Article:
Sue and I went to see Martha Henry’s production of Three Sisters at Stratford on Thursday night.
I went in with no real expectations since there have been some mixed reviews (though others have absolutely loved it). I was pleasantly surprised for the most part. It was at the Tom Patterson, so the audience is pretty much on top of the stage, and there’s really no place to hide for the set or the actors.
Basically, there are 3 sisters–Olga, Masha and Irina–and a brother–Andrei–living in a parochial town after their father’s death. Well educated and intelligent, the girls feel stifled and can’t wait for their brother to take them back to Moscow, where they can enjoy society while he becomes a famous professor. This is the only thing that keeps them going, other than the fact that the soldiers are stationed there, and they provide some diversion and attractive uniforms.
But it’s Chekhov, so you know this isn’t gonna work out so well.
I definitely got the feeling that the cast is comfortable with each other, and Henry assembled some long-time Stratford players who know their voice and can project without the spit-shouting that sometimes mars newbie performances in the bigger productions.
Most of the performances were quite good. In particular, Dalal Badr as Irina carried the innocence and idealism of the character quite well after her first scene (when she seemed to be completely flouncing her dress with no idea why she was flouncing her dress), and the wonderful James Blendick as Doctor Chebutykin (the sopped Doctor/tenant) whose quips and love of Irina are endearing, even as he descends to despondence “We are all not really here” (as they hope but know it’s not true).
Kelli Fox, as Natasha, pulls off that “small girl made tyrant” so well, that by the end of it we wanted to give her a smackdown. In every scene she was in, she pulled eyes toward her, and that’s a good thing on the stage. Also Juan Chioran brings the right kind of madness to Solyony whose social awkwardness belies a level of anger that comes to break Irina’s last chance to find a measure of happiness, even if it’s “settling” with the Baron (Sean Arbuckle, whom I’ve liked in several plays).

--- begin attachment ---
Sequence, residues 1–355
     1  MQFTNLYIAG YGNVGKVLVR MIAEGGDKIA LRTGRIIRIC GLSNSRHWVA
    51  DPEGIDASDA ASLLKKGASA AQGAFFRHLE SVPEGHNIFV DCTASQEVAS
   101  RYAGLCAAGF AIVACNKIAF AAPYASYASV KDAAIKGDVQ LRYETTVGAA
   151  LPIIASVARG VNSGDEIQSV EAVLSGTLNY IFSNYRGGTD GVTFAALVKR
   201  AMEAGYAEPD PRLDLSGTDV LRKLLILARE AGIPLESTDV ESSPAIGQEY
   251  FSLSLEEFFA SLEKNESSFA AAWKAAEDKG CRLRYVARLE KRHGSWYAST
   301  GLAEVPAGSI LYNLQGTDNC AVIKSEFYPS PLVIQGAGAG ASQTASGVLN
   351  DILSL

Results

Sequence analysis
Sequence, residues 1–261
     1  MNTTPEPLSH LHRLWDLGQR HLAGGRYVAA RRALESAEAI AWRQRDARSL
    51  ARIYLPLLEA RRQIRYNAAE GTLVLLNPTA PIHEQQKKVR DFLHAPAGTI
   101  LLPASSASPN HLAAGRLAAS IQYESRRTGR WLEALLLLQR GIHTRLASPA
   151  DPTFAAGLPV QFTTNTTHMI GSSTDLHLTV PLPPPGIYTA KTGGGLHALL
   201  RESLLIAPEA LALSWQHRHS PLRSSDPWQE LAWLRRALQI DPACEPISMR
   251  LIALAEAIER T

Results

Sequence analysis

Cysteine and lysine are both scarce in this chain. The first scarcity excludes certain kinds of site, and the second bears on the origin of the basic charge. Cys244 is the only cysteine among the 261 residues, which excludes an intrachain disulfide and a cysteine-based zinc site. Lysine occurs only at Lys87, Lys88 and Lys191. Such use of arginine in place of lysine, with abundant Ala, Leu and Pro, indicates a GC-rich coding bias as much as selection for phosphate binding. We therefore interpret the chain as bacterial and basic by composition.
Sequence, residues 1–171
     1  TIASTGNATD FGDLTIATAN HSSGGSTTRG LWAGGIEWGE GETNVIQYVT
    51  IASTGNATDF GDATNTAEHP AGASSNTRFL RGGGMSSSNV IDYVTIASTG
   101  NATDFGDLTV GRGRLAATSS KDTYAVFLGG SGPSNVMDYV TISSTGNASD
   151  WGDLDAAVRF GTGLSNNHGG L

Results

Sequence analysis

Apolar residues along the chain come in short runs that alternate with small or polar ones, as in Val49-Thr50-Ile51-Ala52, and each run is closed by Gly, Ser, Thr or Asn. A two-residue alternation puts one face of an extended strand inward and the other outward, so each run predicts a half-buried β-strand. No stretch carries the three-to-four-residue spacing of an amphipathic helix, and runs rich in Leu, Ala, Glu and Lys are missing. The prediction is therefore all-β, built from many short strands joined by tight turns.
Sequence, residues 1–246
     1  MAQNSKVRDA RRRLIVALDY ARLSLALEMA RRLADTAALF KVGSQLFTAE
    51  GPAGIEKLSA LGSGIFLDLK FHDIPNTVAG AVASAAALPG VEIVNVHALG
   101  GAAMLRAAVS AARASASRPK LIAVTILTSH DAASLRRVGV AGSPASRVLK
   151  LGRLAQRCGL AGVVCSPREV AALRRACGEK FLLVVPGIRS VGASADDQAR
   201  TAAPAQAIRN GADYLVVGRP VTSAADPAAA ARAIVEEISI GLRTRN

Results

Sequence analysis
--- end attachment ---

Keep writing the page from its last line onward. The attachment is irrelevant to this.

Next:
And Tom McCamus, looking a little old and weary, does a fairly good job with the philosophically bleak Vershinin.
The one let-down, in fact, was Lucy Peacock as Masha. Her costuming didn’t help – it was a frumpy Spanish doll look that made her look old and cheap. I get that Masha is old before her time in her marriage to Kulygin (whose entrance was both entertaining and spot-on) but even in later scenes when she’s falling in love with Vershinin, it’s like there’s a cougar trying to be a crazed teenager and a melodramatic crone at the same time. I’ve not liked her in other productions I’ve seen, but she’s known to be a darling of the Stratford set, and I really don’t get it. Her whole performance was disjarring for me.
Henry’s attention to the quotidienne, and the majesty, comedy and tragedy of small gestures really lifts the moments in the play. Some of the scenes I liked best include a tandem “striptease” between Vershinin and Masha where just the removal of footwear bespeaks longing and danger, and the poor cuckolded Andrei relentlessly pushing a baby carriage in circles (and probably not his child to boot), and in small caresses that the Â Baron is allowed with Irina.
As commentary on contemporary life, this play has a lot to say. About deferred joy and about fulfillment. In Act I, Irina passionately wants to work–the sweat and physicality that she has never experienced seems a liberation and a realisation of her idea to have purpose–until the family finances and changing politics in early 20th-Century Russia forces her to first work at the Telegraph office (from which she recoils in despair) and then finally for the council. A life as a wife, even if it’s not in Moscow, can only be better than that.
But what makes you want to leap from your 21st Century chair and deliver a sobering volley upon their heads is that no character forces a change–takes charge of where they are going and changes the direction–hell, goes off to frickin’ Moscow on their own! Oh, but there are many of us who are sitting in a rut of our own making, who wake up and 5 years have gone by and the thing that was making us tired and angry and mentally lethargic is still there. And we may never get to Moscow either.